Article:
BBM to come pre-loaded on LG devices

BBM to come pre-loaded on LG devices

Summary: BlackBerry continues its push to get BBM on to Android devices in emerging markets, this time under a new deal with LG.

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Alongside ongoing efforts to reignite hardware sales, BlackBerry is making a significant effort to build out its services business, tapping old rivals such as LG to pre-install its BBM messaging client.

The South Korean hardware maker revealed on Wednesday it will begin selling some models in its smartphone range with BBM preloaded. Under the agreement, LG will bundle BlackBerry's cross-platform messaging app on the devices using its LG App Manager.

The first device under the new bundling agreement will be the G Pro Lite phablet, LG said. According to the company, BBM remains popular in the Middle East, Africa and Indonesia — all areas where the LG budget phablet ships to.

The G Pro Lite is the 5.5-inch lower-specced sibling of LG's G Pro, which trades in 4G for 3G, and comes with 1GB of RAM and 8GB of storage. The device was launched in October for Latina America, Asia, Russia, India, China and the Middle East with an expected non-contract price of $300.

The LG deal follows similar hardware tie-ups with Android device makers popular in emerging markets. Last month it announced agreements with several Indian smartphone makers, including Micromax, Spice and Zen.

Earlier this year it teamed up with Samsung to give Galaxy owners in Africa early access to the app, which the pair have integrated into Samsung's Messaging Hub.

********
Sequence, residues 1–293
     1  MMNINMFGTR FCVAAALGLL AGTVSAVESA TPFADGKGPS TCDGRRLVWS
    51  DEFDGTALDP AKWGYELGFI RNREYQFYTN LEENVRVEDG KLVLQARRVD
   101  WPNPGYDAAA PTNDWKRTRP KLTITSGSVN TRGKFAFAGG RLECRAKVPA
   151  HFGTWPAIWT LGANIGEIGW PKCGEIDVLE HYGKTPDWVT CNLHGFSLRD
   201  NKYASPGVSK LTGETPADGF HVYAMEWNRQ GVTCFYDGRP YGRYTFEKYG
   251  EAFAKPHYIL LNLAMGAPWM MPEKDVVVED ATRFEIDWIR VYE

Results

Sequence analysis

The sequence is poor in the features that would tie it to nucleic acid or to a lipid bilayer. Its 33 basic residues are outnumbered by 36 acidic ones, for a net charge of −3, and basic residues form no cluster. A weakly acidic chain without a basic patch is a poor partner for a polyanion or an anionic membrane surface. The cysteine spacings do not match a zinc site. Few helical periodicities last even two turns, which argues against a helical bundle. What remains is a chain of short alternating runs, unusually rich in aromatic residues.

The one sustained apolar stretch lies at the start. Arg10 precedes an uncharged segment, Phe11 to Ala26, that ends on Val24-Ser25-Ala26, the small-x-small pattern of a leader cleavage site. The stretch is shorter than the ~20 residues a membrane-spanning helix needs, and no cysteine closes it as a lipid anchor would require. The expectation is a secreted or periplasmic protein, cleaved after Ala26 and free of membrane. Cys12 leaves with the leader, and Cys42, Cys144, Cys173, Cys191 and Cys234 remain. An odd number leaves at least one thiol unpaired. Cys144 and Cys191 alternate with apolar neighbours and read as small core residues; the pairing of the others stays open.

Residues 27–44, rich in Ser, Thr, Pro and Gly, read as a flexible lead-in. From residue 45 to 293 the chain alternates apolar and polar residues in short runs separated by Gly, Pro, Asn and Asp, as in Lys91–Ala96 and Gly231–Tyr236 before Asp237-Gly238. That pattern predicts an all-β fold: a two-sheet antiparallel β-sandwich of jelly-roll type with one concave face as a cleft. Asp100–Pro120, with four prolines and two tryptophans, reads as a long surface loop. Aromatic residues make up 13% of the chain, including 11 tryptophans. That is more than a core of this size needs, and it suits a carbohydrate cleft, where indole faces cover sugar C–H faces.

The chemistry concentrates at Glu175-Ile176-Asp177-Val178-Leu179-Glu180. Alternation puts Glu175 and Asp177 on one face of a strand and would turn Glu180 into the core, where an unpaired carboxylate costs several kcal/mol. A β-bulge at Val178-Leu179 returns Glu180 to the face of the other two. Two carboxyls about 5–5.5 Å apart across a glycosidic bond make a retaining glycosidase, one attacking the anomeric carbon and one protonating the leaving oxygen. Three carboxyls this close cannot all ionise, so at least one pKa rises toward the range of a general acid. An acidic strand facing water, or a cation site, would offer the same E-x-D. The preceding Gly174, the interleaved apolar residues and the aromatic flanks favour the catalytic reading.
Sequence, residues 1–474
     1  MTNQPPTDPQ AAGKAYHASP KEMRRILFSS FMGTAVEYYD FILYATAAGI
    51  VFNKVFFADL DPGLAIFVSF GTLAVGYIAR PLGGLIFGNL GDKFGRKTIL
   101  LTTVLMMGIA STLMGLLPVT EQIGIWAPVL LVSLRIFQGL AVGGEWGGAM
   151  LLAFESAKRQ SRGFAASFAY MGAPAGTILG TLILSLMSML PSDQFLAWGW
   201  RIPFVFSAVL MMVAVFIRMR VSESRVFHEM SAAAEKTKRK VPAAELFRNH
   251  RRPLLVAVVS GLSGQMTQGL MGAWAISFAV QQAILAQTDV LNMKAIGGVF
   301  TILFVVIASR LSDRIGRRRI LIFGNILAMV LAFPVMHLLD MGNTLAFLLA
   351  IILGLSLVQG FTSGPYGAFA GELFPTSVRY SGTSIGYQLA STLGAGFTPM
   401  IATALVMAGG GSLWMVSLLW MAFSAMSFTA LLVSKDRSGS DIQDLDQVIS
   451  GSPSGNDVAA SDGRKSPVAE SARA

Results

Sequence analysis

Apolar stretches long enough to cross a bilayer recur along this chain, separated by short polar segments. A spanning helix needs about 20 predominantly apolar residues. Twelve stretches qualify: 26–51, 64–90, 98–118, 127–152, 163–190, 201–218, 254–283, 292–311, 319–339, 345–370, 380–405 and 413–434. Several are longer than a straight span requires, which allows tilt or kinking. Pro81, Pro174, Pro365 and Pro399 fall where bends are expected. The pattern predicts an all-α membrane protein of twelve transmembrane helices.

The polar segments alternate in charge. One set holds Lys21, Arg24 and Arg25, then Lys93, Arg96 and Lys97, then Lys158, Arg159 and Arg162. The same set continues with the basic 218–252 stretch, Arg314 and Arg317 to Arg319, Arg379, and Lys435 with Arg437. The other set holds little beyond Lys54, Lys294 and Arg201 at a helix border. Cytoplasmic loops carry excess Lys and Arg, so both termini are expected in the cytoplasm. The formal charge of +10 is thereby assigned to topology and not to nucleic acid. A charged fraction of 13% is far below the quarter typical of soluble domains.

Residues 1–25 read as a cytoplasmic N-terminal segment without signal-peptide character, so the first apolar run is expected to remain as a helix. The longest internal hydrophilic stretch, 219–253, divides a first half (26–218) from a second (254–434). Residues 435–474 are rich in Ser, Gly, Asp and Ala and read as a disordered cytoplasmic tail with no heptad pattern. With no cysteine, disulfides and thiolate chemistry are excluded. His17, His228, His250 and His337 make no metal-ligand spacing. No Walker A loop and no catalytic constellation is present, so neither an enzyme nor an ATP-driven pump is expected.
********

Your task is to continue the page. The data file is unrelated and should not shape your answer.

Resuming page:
BlackBerry claimed at the time of BBM for Android and iOS' launch that it had added 20 million new users within one week, bringing its total user-base to 80 million. The company hasn't given an update since, but Google Play currently lists the app as having between 10 million and 50 million installs.

Topics: Android, Collaboration, BlackBerry

Liam Tung

About Liam Tung

Liam Tung is an Australian business technology journalist living a few too many Swedish miles north of Stockholm for his liking. He gained a bachelors degree in economics and arts (cultural studies) at Sydney's Macquarie University, but hacked (without Norse or malicious code for that matter) his way into a career as an enterprise tech, security and telecommunications journalist with ZDNet Australia. These days Liam is a full time freelance technology journalist who writes for several publications.

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